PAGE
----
With the resources, reach, and brands that have the potential to shape the future, businesses need to be a part of the shift towards sustainability, says the strategy consultant Neil Gaught
Sustainability is a hot subject across all industries, including climate change, epidemic, social upheavals, and economic turmoil have focused minds. There is a growing awareness that social, economic sustainability, human and environmental are interconnected and that the pursuit of Net Zero is not the all-encompassing story or the only solution.
In recent conversations with executives in the business world, it is evident that there’s a greater awareness about sustainability in all senses that must be incorporated into the core of business plans.
In addition, there is an increasing awareness that unless this shift to a sustainable basis can be completed in a relatively short time and efficiently, there is a significant chance of being disregarded and losing the respect of important stakeholders whose demand for a more equitable, sustainable and fair world is growing every day. Companies today are placed in a state of flux, and it’s not just about if they can grasp the reality of the moment and take a decision to make a change, but rather when they decide to make the necessary leap.
What’s needed today is more leaders who have a clear awareness of how quickly change is happening in the global arena and just how vital shifting and pivoting today is to ensure tomorrow’s success. In addition, leaders must be willing to step up and confront the traditionalists. More than ever before, we require leaders with the courage to challenge and resign old thinking to the past and embrace innovative ideas, fresh thinking, and innovative methods.
It’s not just about making the right noises. What is needed is taking action. The sheer transparency of social media is why any company cannot think that just the words alone are sufficient. The world is watching, and the flimsy purpose statements will not do the trick. And neither is ‘aiming to improve shortly, a position that I embraced by the overwhelming majority of the audience I recently presented to at a Manufacturing & Supply Chain conference in the UK.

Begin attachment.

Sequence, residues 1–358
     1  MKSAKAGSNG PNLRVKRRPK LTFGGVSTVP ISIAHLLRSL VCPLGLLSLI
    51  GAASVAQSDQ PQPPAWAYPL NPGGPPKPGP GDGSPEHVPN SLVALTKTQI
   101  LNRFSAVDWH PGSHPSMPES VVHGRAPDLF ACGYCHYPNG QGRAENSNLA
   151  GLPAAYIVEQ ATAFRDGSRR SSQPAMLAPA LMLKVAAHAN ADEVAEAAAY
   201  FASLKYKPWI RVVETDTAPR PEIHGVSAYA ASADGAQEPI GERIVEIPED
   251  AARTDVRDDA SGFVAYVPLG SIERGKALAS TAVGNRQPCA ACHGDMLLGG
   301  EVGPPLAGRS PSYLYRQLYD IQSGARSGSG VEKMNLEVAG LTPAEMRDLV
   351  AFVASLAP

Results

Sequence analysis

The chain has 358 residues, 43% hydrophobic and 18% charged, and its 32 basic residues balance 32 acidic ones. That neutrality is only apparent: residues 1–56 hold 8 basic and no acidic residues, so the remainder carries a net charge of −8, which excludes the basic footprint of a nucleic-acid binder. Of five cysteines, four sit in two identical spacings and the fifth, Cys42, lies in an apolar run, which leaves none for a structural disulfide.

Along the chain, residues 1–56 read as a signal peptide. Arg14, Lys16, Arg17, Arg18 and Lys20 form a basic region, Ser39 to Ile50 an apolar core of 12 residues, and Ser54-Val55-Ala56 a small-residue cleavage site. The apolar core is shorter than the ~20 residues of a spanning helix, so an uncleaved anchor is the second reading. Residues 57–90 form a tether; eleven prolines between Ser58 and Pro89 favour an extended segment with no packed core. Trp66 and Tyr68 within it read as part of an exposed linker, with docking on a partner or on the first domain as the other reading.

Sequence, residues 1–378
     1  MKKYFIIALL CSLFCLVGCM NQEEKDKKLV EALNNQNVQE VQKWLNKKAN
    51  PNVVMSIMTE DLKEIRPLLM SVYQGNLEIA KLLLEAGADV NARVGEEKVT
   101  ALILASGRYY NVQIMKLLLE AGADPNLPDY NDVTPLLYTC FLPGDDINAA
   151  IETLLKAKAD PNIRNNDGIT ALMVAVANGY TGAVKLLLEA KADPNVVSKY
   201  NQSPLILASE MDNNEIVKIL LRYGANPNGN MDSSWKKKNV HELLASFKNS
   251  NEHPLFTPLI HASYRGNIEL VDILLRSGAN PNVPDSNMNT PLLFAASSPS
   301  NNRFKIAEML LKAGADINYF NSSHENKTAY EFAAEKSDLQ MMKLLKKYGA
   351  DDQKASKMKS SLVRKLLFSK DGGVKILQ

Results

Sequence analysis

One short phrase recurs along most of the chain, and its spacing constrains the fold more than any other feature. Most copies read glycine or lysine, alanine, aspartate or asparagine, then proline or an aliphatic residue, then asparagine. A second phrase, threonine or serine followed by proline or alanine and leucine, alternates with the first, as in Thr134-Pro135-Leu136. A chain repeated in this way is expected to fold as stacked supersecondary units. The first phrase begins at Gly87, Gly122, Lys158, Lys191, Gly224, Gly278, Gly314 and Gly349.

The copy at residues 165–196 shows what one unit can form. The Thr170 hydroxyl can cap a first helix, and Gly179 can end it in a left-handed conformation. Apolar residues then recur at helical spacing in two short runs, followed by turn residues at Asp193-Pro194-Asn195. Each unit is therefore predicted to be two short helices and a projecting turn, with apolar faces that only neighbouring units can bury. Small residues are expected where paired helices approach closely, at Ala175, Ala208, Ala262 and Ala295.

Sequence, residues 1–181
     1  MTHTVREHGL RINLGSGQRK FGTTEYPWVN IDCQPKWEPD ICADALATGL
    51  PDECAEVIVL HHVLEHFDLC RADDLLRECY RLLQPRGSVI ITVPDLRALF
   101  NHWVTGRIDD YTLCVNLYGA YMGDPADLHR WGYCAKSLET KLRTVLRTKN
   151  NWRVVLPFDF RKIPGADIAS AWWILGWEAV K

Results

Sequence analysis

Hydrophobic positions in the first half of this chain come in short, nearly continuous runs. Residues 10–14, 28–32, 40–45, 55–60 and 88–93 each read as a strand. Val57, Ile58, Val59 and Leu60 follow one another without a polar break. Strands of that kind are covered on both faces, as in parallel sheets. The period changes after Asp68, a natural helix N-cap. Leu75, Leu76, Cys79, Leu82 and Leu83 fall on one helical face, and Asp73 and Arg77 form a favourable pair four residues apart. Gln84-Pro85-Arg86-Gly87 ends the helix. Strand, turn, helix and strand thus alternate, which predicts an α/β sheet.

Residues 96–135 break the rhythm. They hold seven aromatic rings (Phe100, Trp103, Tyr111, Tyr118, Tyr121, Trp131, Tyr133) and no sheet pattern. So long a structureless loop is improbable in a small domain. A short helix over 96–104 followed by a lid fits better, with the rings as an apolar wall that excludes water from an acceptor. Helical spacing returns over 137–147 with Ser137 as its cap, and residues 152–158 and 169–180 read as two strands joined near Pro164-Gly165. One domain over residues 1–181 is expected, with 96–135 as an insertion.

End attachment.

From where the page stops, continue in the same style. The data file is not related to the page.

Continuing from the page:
Companies that are looking to be sustainable from a high level
Many businesses consider sustainability from a solid starting point, but then they fall into trouble when it comes down to implementation. Some suffer from “analysis paralysis.”. they get overwhelmed by the notion that changing is too complicated and fail to get going. It’s not surprising since they’ve been repeatedly told by an over-paid management consulting industry that thrives on selling the idea of complexity (read the time) that changing is difficult. Still, the rewards aren’t immediately apparent, and people do not like it.
It’s all a lie. People are quick to change when they feel the change is significant. It is logical to them. Look at how the vast majority of people quickly changed and modified their behavior to safeguard their health and the health of the entire population regardless of the circumstances they faced during the outbreak.
The same need to change, adapt and tackle the challenges illustrated in the SDGs in the latest IPCC report needs to be shared in the present. But, again, the best-placed individuals to achieve this are the top executives of companies because they have the capabilities, the resources, and the brands that can shape the future.
They must ensure that sustainability isn’t an added-on function, a tick-box task, or an issue of compliance. Instead, it has to be at the heart of how the whole organization is designed, operated, and communicates with staff customers, suppliers, investors, and society.